ABSTRACT Purpose - This paper aims to investigate the galvanic corrosion of titanium/L 316 stainless steel, by electrochemical noise (EN), electrochemical impedance spectroscopy (EIS), and anode/cathode area ratio effect on the galvanic behavior of the couple. Design/methodology/approach - The EN measurement was employed to examine effects of anode to cathode area ratio on the galvanic corrosion behavior between stainless steel L 316 and titanium in artificial seawater. Current noise and potential noise were monitored simultaneously using a three-electrode configuration under open-circuit condition. The noise resistance was evaluated as the ratio of the standard deviation of the potential to that of the current noise after removing the DC component. The time-series noise patterns were transformed into frequency domain by fast Fourier transformation and then their power spectrum densities (PSDs) at specified frequency were determined and compared with the EIS and polarization results. Findings - The EN, EIS and polarization results were in agreement. Galvanic corrosion density increase and galvanic potential moved slowly to negative direction with decrease in anode/cathode area ratio. The results showed that the slope of PSD of the current (i.e the "roll off") was rising slowly where the anode/cathode area ratio was declined. The relationship between polarization resistance (Rp) and noise resistance (Rn) was investigated. Rt was determined by EIS for samples, and its value compared with Rp and Rn. The result indicates that galvanic corrosion has an inversely relation with anode/cathode area ratio that exposed to aggressive environment. Originality/value - This paper presents the application of noise analysis to demonstrate galvanic corrosion and the effect of area ratio anode/cathode on current density and galvanic potential.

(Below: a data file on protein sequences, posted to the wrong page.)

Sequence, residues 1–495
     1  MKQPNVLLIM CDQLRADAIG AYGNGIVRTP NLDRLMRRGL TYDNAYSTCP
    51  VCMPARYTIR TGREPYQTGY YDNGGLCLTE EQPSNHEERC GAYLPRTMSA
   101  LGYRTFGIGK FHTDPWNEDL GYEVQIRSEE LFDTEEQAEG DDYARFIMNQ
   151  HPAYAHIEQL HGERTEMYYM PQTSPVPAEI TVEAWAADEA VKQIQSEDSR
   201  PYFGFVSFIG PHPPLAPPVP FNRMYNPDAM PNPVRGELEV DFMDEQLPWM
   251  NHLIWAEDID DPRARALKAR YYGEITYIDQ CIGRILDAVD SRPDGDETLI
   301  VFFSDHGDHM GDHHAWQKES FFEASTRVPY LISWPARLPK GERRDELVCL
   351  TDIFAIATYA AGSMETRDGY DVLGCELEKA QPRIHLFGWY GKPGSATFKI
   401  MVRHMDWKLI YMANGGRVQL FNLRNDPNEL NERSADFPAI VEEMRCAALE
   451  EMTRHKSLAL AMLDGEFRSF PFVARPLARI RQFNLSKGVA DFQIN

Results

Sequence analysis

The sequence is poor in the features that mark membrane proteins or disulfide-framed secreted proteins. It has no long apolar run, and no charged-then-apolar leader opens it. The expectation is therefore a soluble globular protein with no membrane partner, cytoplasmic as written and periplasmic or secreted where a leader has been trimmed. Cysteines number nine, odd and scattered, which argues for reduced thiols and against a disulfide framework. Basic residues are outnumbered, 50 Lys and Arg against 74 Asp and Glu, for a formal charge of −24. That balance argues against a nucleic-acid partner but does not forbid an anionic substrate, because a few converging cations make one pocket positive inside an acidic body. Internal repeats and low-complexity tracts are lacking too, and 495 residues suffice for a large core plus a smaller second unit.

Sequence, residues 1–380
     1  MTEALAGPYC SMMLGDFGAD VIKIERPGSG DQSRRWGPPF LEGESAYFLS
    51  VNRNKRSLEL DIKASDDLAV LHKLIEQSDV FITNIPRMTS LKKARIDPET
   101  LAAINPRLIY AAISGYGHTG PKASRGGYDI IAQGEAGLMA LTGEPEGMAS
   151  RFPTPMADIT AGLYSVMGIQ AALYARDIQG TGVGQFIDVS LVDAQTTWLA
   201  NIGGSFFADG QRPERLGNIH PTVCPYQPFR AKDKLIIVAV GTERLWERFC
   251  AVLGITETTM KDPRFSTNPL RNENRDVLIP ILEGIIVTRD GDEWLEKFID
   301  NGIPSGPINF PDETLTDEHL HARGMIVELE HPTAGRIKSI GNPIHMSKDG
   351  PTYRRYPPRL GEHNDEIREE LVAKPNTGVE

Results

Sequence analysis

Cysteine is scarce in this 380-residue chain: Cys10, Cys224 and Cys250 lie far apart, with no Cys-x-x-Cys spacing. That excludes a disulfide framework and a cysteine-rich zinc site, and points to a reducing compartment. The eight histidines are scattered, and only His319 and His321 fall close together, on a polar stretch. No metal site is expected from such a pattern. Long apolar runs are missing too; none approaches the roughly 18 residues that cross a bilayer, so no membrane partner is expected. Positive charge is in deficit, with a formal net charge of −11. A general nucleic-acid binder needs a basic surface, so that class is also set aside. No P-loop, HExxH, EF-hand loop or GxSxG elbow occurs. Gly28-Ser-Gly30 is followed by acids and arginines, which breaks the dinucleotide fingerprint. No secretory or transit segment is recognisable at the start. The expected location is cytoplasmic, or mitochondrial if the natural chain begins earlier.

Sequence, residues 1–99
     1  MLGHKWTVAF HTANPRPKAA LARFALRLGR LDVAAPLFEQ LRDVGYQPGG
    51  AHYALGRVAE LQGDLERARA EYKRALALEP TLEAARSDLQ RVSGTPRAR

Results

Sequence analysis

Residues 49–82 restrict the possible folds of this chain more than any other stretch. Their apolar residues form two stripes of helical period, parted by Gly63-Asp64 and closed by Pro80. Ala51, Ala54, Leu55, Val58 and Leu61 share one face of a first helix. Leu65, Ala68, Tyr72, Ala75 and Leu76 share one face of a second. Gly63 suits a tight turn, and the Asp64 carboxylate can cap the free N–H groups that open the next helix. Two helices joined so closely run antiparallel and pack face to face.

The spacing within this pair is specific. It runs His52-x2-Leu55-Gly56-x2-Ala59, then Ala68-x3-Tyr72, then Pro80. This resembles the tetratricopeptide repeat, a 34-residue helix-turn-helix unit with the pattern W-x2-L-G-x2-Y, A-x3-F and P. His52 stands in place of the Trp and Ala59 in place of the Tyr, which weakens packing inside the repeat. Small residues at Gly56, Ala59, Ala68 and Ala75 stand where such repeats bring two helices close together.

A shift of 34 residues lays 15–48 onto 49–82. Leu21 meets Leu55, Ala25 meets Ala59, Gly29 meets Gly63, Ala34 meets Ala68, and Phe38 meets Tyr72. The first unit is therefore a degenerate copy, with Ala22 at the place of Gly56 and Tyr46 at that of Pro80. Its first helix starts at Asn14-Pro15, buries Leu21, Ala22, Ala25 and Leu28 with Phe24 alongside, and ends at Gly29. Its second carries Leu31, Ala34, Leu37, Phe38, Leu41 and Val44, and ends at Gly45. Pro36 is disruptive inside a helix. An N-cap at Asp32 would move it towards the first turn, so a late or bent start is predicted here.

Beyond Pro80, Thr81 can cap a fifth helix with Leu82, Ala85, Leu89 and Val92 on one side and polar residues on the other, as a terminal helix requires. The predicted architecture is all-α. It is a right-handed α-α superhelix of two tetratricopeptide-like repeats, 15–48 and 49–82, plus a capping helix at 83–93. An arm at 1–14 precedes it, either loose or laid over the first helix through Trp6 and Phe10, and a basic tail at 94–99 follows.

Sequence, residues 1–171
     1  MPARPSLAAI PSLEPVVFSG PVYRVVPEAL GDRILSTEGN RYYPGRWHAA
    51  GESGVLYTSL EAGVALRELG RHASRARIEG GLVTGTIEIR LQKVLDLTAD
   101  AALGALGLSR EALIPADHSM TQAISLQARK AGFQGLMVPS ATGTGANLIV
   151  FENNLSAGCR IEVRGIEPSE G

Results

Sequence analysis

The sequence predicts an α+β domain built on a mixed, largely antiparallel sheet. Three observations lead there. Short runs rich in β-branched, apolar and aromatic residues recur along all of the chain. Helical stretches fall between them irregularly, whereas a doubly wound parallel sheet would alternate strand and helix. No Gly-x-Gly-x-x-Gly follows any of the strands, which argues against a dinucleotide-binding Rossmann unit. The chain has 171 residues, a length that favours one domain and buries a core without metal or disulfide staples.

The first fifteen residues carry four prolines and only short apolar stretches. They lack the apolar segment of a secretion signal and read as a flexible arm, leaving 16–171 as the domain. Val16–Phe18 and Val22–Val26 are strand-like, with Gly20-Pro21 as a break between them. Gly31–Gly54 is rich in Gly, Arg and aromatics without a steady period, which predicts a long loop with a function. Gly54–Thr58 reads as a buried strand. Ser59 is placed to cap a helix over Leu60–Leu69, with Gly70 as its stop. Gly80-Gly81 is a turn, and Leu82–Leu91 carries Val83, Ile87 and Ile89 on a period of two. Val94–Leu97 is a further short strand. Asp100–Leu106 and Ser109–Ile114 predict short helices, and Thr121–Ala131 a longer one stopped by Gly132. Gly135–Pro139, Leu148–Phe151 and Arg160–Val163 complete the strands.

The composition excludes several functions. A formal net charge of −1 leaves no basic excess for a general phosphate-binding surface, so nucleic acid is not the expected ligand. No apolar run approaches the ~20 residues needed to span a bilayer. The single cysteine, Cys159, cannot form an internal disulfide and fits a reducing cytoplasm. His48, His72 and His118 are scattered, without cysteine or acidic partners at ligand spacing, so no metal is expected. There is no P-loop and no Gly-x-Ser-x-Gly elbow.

Abstract The effect of variations of the area of two metals in a galvanic couple is discussed for three common cases. In Case 1, it is assumed that the only significant process on the more active metal (A) at the galvanic potential (蠒g) is metal oxidation (dissolution), while the only significant process on the more noble metal (C) is reduction of the oxidizer (H+, H2O, O2) and Tafel behavior is observed. Various possibilities to present the galvanic current as a function of electrode areas, which might have lead to some confusion in the literature, are discussed. In Case 2, it is assumed that metal (A), the anode in the galvanic couple, is polarized only slightly from its corrosion potential. It is shown that in this case the galvanic current density (igA) is not equal to the dissolution rate (idA) of the anode. A correlation between these two values is given. In Case 3, it is assumed that the cathodic process on both metals is entirely diffusion controlled. In this case, the dissolution rate of the anod...